This project will use functional magnetic resonance imaging (fMRI) to characterize dysfunction in two theoretically separable neurocognitive pathways in adolescents with Attention-Deficit/Hyperactivity Disorder (ADHD). ADHD is a common disorder arising in childhood that often results in lifelong educational, social, and occupational impairment. Decades of research has greatly refined our appreciation of the disorder's complexity. To date, no study has managed to identify an effective biological marker, a single neuropsychological test, or a specific genetic profile that accurately identifies persons with ADHD, in part because previous studies have produced inconsistent findings. Many researchers have concluded that this is because the etiology of ADHD is multi-factorial, probably polygenetic in nature, involving numerous small influences on brain function. Consistent evidence points to a hypodopaminergic state in frontostriatal brain regions, hypothesized to result in at least two forms of neurocognitive impairment linked to impulsive ADHD symptoms ? impaired `executive'performance on tests requiring inhibition of response, and impaired motivation measured by tests assessing insensitivity to delayed reinforcement. Although this model is supported by neuropsychological evidence, functional neuroimaging studies have not yet fully characterized the biological pathology giving rise to these cognitive deficits. It is likely that much of the inconsistency in previous ADHD neurocognitive research results from examining samples with heterogeneous pathologies. Understanding the major sources of neurobiological heterogeneity is the most significant step in future research of ADHD, and ultimately will help clinicians better diagnose and treat the disorder. This project seeks to characterize the functional neuroanatomy of these two ADHD neurocognitive impairments by examining the association of neuropsychological profile, mesocortical and mesolimbic brain dysfunction, and candidate gene susceptibilities. Participants will be 130 adolescents diagnosed with Combined-subtype ADHD (DSM 314.01) and 130 demographically-matched healthy controls. All participants will undergo rigorous psychiatric evaluation, neuropsychological assessment of several different cognitive domains, fMRI measurement of response inhibition and reward system brain activity, and genotyping DAT1, DRD4, plus several other dopamine-related genetic markers previously linked to ADHD. These data will allow us to validate the presence of two separate brain function pathologies in ADHD and to clarify relationships among disordered brain function, cognitive performance and genotype. The planned project is highly collaborative between experts in functional neuroimaging, cognitive testing, clinical assessment and psychiatric genetics. The neurobiological basis of Attention-Deficit/Hyperactivity Disorder is poorly understood because a single reliable biomarker or definitive test for the disorder has yet to be identified. There is evidence from cognitive studies of ADHD youth that impulsive behavior may arise from two markedly different types of neurobiological dysfunction. This project will use functional magnetic resonance imaging (fMRI) to link these two profiles of abnormal brain function in ADHD adolescents to specific types of neuropsychological dysfunction and to certain genetic markers, providing support for the clinical use of these tools to more precisely diagnose biologically-meaningful subtypes of ADHD.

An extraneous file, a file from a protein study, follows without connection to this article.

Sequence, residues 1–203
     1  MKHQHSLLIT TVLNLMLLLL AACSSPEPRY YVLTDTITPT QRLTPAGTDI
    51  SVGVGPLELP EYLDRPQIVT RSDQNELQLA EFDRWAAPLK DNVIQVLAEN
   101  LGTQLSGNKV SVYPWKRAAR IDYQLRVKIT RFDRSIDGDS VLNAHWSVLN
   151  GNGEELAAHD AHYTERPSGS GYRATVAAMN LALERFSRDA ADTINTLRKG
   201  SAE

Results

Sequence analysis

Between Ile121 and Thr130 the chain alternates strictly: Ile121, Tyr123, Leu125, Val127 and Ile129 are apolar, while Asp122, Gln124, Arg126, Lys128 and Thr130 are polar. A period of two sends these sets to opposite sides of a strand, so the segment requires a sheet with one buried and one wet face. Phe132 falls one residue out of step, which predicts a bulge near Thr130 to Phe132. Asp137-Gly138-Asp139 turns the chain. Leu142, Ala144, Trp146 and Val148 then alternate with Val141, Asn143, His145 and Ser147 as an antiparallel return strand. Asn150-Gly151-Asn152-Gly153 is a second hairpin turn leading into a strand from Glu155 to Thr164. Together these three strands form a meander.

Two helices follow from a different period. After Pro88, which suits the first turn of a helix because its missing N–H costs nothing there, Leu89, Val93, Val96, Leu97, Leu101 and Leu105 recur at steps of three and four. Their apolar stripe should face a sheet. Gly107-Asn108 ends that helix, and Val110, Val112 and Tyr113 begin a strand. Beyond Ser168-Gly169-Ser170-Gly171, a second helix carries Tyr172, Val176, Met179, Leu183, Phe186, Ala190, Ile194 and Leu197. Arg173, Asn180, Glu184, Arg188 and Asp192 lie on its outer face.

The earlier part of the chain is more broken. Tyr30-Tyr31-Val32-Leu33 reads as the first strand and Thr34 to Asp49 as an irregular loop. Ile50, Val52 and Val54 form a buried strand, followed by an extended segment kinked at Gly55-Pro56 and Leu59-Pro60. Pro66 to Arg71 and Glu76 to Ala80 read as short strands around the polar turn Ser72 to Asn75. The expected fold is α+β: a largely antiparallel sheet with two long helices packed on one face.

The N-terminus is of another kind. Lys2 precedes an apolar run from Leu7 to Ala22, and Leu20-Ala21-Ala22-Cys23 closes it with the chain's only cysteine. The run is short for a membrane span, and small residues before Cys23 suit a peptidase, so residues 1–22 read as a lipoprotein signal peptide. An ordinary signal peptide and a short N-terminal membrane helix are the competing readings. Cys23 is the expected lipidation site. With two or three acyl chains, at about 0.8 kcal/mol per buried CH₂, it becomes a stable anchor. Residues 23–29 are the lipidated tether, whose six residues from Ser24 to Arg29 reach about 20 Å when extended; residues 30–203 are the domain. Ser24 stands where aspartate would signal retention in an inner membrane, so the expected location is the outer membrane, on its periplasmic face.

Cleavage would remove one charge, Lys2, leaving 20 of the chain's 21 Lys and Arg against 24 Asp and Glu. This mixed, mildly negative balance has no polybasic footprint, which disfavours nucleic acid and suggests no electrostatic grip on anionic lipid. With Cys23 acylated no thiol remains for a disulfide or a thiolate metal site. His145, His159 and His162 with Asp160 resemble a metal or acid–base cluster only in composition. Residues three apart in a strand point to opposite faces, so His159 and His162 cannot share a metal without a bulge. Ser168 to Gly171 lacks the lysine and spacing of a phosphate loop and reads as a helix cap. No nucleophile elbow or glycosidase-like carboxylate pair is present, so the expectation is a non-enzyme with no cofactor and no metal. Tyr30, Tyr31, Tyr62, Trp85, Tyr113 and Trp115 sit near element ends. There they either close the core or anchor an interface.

National Institute of Health (NIH)
National Institute of Mental Health (NIMH)
Research Project (R01)
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Developmental Brain Disorders Study Section (DBD)
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Friedman-Hill, Stacia
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Hartford Hospital
United States
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